Women with dense breasts have higher odds of screen-detected, interval breast cancers
Screening examinations using an automated software showed increased rates of recall and biopsy, as well as higher likelihood of screen-detected and interval breast cancers, among women with dense compared with nondense breasts, according to results of a retrospective study.
“The odds of screen-detected and interval breast cancer were substantially higher for women with mammographically dense vs. fatty breasts in BreastScreen Norway,” Solveig Hofvind, PhD, from the faculty of health science at Oslo Metropolitan University, Norway, said in a press release. “We also found substantially higher rates of recalls and biopsies among women with mammographically dense breast tissue.”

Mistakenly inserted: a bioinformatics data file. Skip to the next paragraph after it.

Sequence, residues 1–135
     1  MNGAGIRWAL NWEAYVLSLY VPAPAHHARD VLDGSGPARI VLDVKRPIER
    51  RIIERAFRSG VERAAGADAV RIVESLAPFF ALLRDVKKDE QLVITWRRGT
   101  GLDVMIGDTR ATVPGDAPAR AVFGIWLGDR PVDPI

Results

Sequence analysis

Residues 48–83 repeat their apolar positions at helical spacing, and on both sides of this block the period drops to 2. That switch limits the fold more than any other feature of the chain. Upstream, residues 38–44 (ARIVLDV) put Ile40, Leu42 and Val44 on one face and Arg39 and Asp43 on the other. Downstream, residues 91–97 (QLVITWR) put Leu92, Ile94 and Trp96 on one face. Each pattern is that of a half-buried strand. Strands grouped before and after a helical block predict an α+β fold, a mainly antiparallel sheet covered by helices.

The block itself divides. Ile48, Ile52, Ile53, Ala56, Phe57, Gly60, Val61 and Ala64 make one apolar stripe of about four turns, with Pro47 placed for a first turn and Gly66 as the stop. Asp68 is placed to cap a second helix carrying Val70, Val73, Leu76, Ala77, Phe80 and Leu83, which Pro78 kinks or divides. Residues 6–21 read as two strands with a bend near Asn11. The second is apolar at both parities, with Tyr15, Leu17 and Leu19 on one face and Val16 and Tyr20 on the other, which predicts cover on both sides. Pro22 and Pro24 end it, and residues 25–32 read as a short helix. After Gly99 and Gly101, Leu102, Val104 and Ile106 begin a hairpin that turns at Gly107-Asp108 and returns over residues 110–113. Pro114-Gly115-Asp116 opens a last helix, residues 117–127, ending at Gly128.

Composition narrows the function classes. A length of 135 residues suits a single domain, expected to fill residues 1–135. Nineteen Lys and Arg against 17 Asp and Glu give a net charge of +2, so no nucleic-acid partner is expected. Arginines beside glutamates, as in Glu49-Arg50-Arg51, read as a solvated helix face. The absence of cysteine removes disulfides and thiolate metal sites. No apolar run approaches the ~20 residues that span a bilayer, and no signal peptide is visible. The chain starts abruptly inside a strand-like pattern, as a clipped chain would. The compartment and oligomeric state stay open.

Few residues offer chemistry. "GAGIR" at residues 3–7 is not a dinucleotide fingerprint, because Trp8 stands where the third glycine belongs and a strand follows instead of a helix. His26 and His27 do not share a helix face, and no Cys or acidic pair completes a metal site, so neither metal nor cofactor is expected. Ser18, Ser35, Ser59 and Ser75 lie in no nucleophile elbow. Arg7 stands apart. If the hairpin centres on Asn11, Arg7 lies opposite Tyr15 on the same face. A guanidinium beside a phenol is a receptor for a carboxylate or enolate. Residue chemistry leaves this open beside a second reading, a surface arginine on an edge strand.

The results can inform how automated volumetric density categorization will impact population-based screening performance and outcomes using an objective breast density measurement paradigm, according to researchers.
Studies have reported women with mammographically dense breasts have increased risks for breast cancer and missed cancers than women with nondense breasts.
Mammographic density studies have focused on the association between subjective density assessments and breast cancer risk. However, few studies used objective density measures for risk estimation and few have evaluated quantitative breast density measurement with regard to screening performance.
Because no standard exists for breast density determination, the most common classification for mammographic density is based on subjective interpretation using the American College of Radiology’s Breast Imaging Reporting and Data System.
In various areas in the United States, legislation mandates women be informed about their breast density or that additional imaging could be beneficial; however, supplemental screening for women with dense breasts is not recommended by any major medical societies or organizations.